At least 50 people were held Sunday at O'Hare for further questioning, according to lawyers at the scene.
BBC journalist Ali Hamedani left his native Iran in 2009 with no intention of returning to the land that had imprisoned his family.
These days, even though he holds a British passport, Hamedani's birthplace roused enough concern to warrant three hours of questioning at O'Hare International Airport on Sunday, two days after President Donald Trump ordered travel restrictions on seven Muslim-majority countries. During that time officers seized Hamedani's phone and he wasn't allowed to use the bathroom, he said.
"They never used the word detained, so I wasn't under any kind of arrest … but I was questioned two times regarding my place of birth, which is Iran, and regarding my work," Hamedani said. "They ask about my Facebook and they check my Twitter."
Hamedani missed his connecting flight to Los Angeles but considered that a small misfortune compared with the disappointment suffered by a group of LGBT asylum-seekers he met at an airport in Turkey. They had fled Iran for Turkey and were bound for the U.S. until Friday evening's announcement by Trump ruined those plans.
"Their flights are canceled," Hamedani said. "They cannot go back to Iran, and they cannot come to America. I don't know what we can do for them, but at least we can think about them." He added, "Immediately, (when) the news came up, they were crying."
Trump's executive order freezes entry of all refugees to the U.S. for 120 days, halts Syrian refugees indefinitely and places a 90-day moratorium on the arrival of citizens of the predominantly Muslim countries of Iran, Iraq, Libya, Somalia, Sudan, Syria and Yemen.
At least 50 people were held Sunday at O'Hare for further questioning, including those from non-Muslim countries like Mexico, according to lawyers at the scene. It was unclear whether the questioning of the Mexican travelers was related to Trump's order.
A 19-year-old German national working in the suburbs as an au pair broke down in tears as she was waiting for her friend, a German citizen born in Iraq, after the friend was held for questioning.
The young women have been in the U.S. working for families since August 2015. They extended their visas to stay another year and were returning Sunday from vacation in Mexico when they were swept up by the new policy.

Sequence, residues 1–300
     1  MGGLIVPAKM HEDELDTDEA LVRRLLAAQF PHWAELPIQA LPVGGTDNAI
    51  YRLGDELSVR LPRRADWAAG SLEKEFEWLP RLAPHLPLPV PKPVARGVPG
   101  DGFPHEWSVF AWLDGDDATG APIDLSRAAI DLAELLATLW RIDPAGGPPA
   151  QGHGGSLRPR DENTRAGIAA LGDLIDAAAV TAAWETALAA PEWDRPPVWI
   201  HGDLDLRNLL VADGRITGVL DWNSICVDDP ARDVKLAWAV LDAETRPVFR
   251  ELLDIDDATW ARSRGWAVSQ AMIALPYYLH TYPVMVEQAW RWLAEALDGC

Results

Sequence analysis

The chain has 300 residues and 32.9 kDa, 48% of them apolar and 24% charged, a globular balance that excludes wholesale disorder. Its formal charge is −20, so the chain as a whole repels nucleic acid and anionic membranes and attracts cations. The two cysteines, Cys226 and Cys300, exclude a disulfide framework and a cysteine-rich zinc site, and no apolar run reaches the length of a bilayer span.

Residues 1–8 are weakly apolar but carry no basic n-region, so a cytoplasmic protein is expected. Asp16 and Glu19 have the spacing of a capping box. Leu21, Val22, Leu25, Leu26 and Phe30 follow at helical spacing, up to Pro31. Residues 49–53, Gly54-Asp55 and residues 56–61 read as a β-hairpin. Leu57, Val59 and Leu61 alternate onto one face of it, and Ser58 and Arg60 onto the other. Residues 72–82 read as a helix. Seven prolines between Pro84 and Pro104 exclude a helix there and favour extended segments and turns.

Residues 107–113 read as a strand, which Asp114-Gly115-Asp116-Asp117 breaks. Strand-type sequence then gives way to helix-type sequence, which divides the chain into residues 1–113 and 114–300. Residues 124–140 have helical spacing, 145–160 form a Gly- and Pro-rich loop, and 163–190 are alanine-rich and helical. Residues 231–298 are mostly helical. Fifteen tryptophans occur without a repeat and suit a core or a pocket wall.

"I am afraid they won't let her go," said the 19-year-old, who asked not to be identified out of concern for her immigration status. "I think it's crazy. It's discriminating against these people."
The woman is a Muslim who was born in Serbia, a country not affected by the ban. After about an hour, her friend was released.
On Saturday, more than a dozen travelers were placed in custody. All of them had some kind of legal status in the United States, lawyers said. Though all the detainees were eventually released as a result of a court ruling Saturday that effectively suspended some of Trump's travel ban, the presidential directive has stoked fears among the immigrant community — whether they are refugees or permanent residents.
Adding to the confusion, the Department of Homeland Security on Sunday issued a statement saying it will "continue to enforce all of President Trump's Executive Orders" while at the same time vowing to "comply with judicial orders."
For the second straight day, hundreds of protesters occupied an area at Terminal 5 of O'Hare with signs reading "No Ban, No Wall," while chanting slogans like, "Refugees welcome here! No hate, no fear!"
Police stood at the entrances of the arrival doorways and loosely around metal barricades where protesters rallied.
Rozi Bhimani, of Evanston, waved a poster with the image of a woman wearing a star-spangled hijab bearing the words "We the people." The daughter of a Pakistani father, Bhimani said she wanted to vocalize her opposition to the travel ban on Middle East countries.
"I want to send a strong message that we want to see the rule of law and court orders enforced," she said. "I will be very concerned if the executive branch does not listen to the judicial branch."
In Morton Grove, about 500 people packed the basement of the Muslim Education Center on Sunday while hundreds more spilled upstairs and outside the building, during a demonstration calling for sanctuary and support for Muslims and other minority groups against recent Trump administration actions.
"Each day it's imperative we live in concern and know what our government is doing. It's also imperative that we don't live in fear but live in hope, that, as a collaboration, we can make an impact. This march/rally … is to empower all marginalized groups and give hope for the future. We can make a difference together," said Dilnaz Waraich of the Muslim Community Center.
"Our local governments must stand in firm solidarity with our Muslim and Arab neighbors in showing their opposition to these immoral executive orders by passing sanctuary laws declaring their commitment not to cooperate with federal immigration enforcement," said Lesley Williams of Jewish Voice for Peace Chicago.